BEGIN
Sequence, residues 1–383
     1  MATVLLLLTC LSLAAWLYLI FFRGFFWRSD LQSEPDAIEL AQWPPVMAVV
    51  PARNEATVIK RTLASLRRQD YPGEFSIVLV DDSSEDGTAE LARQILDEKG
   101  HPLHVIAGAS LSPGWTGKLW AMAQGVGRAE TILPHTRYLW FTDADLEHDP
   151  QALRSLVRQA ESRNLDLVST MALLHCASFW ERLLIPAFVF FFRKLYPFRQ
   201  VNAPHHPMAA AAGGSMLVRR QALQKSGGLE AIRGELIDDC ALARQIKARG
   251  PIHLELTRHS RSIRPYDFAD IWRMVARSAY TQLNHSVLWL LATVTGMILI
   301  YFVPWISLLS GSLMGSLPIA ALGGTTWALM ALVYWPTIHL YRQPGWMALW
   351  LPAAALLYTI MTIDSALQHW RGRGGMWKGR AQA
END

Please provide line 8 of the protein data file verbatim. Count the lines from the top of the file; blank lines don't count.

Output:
   301  YFVPWISLLS GSLMGSLPIA ALGGTTWALM ALVYWPTIHL YRQPGWMALW